Eric is a powerful example of a young man who is always learning and developing marketable skills. Eric made a statement that is dead on: “Things are for a season, and then you must be ready to move on.” This mindset yields a vocationally well rounded and marketable individual.
We’re excited to share with you so much more through Buying a Home Debt-Free! Watch for details soon.
“Prepare thy work without,
and make it fit for thyself in the field;
and afterwards build thine house.”
5 thoughts on “How One Young Man Purchased His Home Debt-Free”
Thank you for writing this book! We are very excited to read it in its entirety.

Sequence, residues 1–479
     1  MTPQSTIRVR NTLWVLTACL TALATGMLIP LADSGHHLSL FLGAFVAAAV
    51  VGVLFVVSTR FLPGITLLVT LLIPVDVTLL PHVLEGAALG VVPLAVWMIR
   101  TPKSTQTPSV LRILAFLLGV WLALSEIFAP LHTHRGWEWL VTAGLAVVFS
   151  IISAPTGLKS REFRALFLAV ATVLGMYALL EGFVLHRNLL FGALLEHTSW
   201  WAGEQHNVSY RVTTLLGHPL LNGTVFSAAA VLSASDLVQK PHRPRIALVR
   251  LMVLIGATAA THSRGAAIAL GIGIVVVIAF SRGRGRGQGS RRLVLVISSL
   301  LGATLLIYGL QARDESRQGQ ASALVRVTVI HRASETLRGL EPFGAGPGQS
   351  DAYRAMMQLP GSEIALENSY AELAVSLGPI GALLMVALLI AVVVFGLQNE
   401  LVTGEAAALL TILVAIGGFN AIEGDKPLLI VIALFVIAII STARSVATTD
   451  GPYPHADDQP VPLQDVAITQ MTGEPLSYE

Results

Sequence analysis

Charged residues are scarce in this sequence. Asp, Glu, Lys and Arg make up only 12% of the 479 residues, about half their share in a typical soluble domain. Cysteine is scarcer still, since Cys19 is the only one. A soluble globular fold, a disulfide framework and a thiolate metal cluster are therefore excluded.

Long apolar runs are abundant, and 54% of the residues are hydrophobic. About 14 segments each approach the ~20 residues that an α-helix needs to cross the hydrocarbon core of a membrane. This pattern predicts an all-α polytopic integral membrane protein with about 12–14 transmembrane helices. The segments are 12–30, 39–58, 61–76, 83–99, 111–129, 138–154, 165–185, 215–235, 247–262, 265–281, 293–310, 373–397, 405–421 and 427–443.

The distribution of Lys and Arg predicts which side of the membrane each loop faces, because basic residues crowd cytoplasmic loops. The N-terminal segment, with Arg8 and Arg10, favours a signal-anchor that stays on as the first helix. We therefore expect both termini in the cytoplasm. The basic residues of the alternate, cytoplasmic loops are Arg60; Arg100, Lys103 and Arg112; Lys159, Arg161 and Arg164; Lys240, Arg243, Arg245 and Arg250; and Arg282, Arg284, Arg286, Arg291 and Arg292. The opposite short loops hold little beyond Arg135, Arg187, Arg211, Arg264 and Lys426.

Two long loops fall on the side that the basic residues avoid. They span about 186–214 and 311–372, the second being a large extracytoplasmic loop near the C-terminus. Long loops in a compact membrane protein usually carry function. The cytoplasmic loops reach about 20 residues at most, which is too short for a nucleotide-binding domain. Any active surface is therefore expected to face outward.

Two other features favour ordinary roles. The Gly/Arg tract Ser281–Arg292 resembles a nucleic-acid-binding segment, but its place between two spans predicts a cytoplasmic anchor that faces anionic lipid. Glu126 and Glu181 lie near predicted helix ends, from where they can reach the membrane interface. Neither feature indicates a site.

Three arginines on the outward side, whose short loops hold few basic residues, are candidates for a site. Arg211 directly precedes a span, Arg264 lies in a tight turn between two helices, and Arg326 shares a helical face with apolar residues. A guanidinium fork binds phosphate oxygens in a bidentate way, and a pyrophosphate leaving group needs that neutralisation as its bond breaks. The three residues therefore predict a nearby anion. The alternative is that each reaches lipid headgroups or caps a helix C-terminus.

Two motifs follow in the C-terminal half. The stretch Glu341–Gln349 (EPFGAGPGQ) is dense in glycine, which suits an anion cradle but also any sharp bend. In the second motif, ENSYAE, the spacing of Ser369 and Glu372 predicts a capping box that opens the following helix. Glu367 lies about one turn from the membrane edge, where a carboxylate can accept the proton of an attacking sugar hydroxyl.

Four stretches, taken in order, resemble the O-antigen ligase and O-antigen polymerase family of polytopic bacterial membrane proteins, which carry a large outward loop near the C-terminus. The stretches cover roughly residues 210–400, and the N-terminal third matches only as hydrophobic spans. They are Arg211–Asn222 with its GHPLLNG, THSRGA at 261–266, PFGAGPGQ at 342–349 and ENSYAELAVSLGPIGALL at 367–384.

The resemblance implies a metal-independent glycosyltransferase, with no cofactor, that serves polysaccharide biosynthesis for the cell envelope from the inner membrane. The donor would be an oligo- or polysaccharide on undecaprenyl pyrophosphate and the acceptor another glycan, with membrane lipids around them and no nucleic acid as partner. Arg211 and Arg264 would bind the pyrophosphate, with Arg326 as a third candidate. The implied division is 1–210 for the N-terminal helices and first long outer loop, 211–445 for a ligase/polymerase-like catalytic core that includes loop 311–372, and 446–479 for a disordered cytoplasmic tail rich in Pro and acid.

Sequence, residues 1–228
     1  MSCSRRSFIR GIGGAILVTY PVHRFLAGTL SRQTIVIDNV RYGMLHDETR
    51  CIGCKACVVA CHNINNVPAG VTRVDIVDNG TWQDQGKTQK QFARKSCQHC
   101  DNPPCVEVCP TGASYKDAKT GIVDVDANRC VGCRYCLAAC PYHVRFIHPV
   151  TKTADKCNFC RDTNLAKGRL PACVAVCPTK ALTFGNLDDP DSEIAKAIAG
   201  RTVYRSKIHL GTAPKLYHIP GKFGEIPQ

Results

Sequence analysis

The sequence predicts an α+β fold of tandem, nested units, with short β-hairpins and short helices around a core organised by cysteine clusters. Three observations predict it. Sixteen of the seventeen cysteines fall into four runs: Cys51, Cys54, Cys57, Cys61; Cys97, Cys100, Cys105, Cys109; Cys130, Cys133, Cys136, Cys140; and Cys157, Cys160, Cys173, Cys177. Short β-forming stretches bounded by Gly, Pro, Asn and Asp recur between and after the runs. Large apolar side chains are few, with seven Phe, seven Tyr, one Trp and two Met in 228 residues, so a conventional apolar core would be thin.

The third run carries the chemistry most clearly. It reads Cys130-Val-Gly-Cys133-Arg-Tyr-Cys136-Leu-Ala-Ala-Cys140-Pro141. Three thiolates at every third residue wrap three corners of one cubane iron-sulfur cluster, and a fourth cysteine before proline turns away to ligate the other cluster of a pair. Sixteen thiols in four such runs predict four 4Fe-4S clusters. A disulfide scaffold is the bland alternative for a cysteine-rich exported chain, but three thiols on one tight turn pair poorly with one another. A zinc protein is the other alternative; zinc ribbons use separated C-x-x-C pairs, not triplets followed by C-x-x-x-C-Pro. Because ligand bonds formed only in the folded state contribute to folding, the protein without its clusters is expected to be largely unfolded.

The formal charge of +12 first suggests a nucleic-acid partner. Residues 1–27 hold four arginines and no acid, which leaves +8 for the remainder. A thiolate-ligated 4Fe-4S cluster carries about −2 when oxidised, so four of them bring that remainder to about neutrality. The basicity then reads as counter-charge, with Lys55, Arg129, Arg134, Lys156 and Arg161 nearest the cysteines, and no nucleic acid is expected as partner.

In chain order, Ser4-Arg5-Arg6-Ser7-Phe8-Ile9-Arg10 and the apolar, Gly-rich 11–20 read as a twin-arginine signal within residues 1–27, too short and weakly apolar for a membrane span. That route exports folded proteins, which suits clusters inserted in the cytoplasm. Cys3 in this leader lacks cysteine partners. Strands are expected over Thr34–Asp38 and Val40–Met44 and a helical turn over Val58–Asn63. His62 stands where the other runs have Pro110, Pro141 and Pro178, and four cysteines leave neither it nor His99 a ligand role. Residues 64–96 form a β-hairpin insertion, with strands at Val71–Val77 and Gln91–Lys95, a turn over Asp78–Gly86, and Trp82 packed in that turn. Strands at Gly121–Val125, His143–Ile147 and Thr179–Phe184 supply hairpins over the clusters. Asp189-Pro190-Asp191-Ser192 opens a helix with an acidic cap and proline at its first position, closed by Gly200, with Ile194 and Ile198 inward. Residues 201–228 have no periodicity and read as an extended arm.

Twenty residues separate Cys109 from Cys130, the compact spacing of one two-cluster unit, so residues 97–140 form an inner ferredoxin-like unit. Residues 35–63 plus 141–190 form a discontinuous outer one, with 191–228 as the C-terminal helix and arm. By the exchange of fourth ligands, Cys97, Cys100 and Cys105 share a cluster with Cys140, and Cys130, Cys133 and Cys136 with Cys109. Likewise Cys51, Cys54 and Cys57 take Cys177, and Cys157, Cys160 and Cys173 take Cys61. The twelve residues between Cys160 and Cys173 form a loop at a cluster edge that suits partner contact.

I find stories such as this fascinating and I hope my own children prove to be diligent workers at a young age. I do wonder though, if the concept of buying a home debt-free applies equally to all communities. Certainly God rewards hard work and faithfulness, however, we live in a northern Alberta city where housing prices continue to increase. Here you will find nothing under $100,000 except an old mobile home on a town lot. A small house, simple, no garage, and most likely in need of repairs is still easily $200,000. It is a far cry from the $40,000 home my husband purchased 17 years ago. That too was a small cute mobile, but it had it’s own lot and we loved that home! We sold that home for almost double what we paid, took a giant leap of faith and moved 5 hours away. I cried when I saw housing prices in the new area! Ironically the small affordable town we left is now just as expensive to live in. The past 15 years our economy has grown so much that many people now choose to buy an RV as their home because they are unable to afford housing. With three boys of our own, we wonder if we are doing them any favours by staying in this region, yet, this is where God has led us and we are confident that he will make a way for them. We would love to be mortgage free again, but that is not our main focus in life. It is our desire to live a life that pleases the Lord and to be good stewards of all He has blessed us with. Thank-you for the encouraging post, may God continue to bless your family!